St. Isaac's Cathedral

St. Isaac's Cathedral

St. Isaac's Cathedral is one of the biggest Orthodox churches in Russia.

The Cathedral was named in honour of St. Isaac of Dalmatia, who was respected by Peter the Great as he was born on St. Isaac's day. The first wooden church was built in 1710 and two years later Peter the Great married his second wife Catherine in that church. In the middle of the 18th century a new cathedral was started by the architect A.Rinaldi, but it did not live long. In 1818 the construction of the present church was begun according to the plan of the famous French architect Auguste de Montferrand. The construction lasted for 40 years. The construction was inspected by the emperor Nicholas I himself. The church was opened on May 30, 1858, and it was consecrated as a cathedral.

After the revolution of 1917 the Cathedral was closed and there had been no services since 1928. Later the museum of atheism was created inside of the Cathedral. During WWII it suffered from German bombs, nowadays one can still find the tracks of bombs on the walls and steps of the church. The services were revived in 1990 and take place regularly on big religious holidays and Sundays. The Cathedral is a part of the State Museum "St. Isaac's Cathedral".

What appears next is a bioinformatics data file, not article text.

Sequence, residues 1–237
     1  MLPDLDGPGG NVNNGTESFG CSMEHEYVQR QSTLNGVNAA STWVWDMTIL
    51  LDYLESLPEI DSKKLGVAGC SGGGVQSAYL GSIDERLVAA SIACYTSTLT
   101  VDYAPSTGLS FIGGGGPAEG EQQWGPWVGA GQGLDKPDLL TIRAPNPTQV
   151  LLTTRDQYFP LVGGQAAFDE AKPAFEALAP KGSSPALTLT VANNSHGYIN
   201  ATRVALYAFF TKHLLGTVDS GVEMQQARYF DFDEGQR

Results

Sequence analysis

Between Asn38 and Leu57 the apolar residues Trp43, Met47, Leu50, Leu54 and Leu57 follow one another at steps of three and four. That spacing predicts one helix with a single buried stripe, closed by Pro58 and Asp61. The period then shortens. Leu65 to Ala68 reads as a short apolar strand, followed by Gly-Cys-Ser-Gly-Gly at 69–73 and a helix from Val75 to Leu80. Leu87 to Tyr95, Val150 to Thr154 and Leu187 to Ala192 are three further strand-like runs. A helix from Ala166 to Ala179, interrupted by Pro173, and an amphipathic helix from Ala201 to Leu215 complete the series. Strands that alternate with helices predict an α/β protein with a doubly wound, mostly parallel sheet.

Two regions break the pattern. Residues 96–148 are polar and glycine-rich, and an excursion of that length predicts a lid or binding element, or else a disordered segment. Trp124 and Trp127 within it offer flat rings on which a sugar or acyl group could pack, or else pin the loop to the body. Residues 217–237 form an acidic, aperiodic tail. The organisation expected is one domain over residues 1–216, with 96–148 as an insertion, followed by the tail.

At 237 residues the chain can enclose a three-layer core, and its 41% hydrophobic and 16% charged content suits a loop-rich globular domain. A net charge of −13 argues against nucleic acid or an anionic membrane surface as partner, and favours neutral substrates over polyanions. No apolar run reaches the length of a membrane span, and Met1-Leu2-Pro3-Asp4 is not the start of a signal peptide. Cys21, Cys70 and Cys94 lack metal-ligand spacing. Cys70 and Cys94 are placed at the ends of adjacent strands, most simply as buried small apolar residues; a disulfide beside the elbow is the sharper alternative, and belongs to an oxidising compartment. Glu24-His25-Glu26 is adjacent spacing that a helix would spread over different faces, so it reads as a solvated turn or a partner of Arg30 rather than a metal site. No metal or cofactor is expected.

Opening hours:
In winter - daily from 11:00 till 19:00, closed on Wednesday. The ticket office closes at 18:00.
In summer - daily from 10:00 till 20:00, closed on Wednesday.
Timetable is subject to change without prior notice.

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